mikenz66 wrote:Only few and minor revisions have been made to the text of the Fourth Edition which is now issued by the Buddhist Publication Society.
Kandy, Sri Lanka
It would be interesting to know if the comment was added in 1970 or 1980. Presumably Ven Nyanaponika would have already seen Ven Nanananda's work at that point, though the book did not come out until 1971, since, as I understand it, he encouraged Ven Nanananda to publish it.
mikenz66 wrote:In case people hadn't noticed, the Wikipedia site http://en.wikipedia.org/wiki/Katukurund ... ished_Work has links to more Nibbana Sermons, i.e.
Nibbana - The Mind Stilled (Vol. VI), Dharma Grantha Mudrana Bharaya, 2010, ISBN 978-955-1255-33-6 has Sermons 26 to 30 (and has a PDF to download). So there still seem to be 3 to go...
rowyourboat wrote:Hi All,
I'm back from my trip to Sri Lanka -it was amazing to be in a such a spiritually saturated country (especially if you understand Sinhalese!). There has been such a great revival of buddhist teaching there..
In any case- I met Ven Nananda a few weeks ago. He was an amazingly intelligent man/monk! He would answer my questions before I finished asking them! He was extremely 'quick on the draw', even though he was in his 80's!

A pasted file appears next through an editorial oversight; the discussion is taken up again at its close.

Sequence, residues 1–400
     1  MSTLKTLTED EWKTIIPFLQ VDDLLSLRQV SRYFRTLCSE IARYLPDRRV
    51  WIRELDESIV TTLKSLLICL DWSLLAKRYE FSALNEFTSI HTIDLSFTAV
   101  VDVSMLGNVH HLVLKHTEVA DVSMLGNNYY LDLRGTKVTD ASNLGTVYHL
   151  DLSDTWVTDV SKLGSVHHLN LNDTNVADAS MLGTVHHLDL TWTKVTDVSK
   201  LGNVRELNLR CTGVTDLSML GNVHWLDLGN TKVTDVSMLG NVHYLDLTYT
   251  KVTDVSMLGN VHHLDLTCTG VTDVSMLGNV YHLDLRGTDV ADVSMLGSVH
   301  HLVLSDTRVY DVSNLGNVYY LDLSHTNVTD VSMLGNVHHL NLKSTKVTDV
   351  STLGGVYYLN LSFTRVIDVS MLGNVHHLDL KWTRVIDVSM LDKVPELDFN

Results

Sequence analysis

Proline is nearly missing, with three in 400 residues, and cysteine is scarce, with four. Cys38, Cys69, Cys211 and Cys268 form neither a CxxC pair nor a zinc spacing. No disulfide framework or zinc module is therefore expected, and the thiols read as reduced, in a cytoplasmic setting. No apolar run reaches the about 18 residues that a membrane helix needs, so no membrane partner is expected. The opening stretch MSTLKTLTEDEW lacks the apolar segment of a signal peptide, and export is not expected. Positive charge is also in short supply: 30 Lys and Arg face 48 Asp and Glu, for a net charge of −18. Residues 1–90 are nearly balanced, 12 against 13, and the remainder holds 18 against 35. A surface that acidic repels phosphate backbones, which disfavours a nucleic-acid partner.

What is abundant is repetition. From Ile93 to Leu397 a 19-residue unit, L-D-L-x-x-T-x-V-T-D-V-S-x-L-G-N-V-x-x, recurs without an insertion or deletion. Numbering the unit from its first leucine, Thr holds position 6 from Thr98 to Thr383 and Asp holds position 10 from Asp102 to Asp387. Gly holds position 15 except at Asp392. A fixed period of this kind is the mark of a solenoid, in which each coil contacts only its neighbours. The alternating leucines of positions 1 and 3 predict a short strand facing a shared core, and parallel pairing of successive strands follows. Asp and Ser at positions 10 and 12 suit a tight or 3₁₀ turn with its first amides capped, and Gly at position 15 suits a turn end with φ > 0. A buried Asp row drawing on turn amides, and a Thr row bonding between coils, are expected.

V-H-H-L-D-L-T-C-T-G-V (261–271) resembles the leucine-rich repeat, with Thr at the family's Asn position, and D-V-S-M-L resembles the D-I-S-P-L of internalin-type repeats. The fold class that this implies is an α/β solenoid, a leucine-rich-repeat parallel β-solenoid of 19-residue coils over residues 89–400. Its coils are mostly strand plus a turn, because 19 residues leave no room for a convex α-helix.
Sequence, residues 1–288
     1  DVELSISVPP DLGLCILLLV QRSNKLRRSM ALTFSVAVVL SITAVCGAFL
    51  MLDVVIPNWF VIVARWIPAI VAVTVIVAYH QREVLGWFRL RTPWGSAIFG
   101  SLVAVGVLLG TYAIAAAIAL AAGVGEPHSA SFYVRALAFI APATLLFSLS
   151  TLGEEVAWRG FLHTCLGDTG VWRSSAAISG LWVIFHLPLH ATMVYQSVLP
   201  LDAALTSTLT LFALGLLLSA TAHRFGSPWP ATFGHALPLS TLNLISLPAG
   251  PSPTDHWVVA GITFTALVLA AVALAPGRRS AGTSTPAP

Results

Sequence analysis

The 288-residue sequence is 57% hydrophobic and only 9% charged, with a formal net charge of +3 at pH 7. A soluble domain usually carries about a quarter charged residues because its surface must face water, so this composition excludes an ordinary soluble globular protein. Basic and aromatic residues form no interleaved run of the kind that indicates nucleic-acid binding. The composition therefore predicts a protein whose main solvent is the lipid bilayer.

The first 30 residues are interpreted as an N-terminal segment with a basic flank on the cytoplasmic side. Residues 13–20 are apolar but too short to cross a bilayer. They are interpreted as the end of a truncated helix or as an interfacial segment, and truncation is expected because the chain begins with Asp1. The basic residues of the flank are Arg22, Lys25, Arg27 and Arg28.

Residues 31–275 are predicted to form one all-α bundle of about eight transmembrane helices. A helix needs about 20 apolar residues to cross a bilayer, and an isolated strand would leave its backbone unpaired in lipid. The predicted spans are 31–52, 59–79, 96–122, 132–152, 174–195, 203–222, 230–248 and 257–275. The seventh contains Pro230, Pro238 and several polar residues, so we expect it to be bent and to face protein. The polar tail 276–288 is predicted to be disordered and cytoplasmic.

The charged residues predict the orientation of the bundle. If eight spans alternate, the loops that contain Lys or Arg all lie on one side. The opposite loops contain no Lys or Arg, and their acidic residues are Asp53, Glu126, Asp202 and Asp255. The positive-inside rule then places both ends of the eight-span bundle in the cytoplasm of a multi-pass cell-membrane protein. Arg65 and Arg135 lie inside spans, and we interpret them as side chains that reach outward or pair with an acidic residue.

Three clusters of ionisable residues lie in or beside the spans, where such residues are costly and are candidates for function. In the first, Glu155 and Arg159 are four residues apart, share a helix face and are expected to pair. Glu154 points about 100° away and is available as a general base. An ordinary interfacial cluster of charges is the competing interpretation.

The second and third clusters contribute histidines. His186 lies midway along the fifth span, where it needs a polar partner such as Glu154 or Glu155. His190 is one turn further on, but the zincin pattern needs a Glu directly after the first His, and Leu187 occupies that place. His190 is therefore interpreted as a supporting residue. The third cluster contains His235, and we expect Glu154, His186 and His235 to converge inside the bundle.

We had an interesting discussion on 'whirlpool' simile, which he is famous for. Incidentally I believe this is from one of his nibbana sermons which I believe can be found on this website:
One thing which struck me was his humbleness in being able to entertain new ways of looking at things, considering what a learned monk he is. He was very kind and generous- he gave me loads of his books free of charge to be given to people in UK. I have already given a batch of books to Ajhan Amaro at Amarawati monastery in UK. I'm hoping to give the other batch to Chithurst (incidentally I spotted one of our dhammawheel regulars who had got samanera ordination there! I think his name is 'Manapa').
Ven Nananda lives in a simple 'kuti' or hut/'cell' under a rock in a remote place in Sri Lanka (off Kegalle) - he does not accept money (an offer was kindly refused- he called it a 'snake'!). He I believe lives off one meal a day. The forest monastery is quite small and houses a few other monks who live with only basic amenities.
It was quite inspiring meeting this monk- he felt concerned that the deep dhammas were disappearing from the world and people wanted to simply listen to feel good dharma- hence his teachings on Nibbana- more than 20 of them!
So that is my story- if you have any further questions feel free to ask- I will answer them if I can!
Users browsing this forum: samseva and 38 guests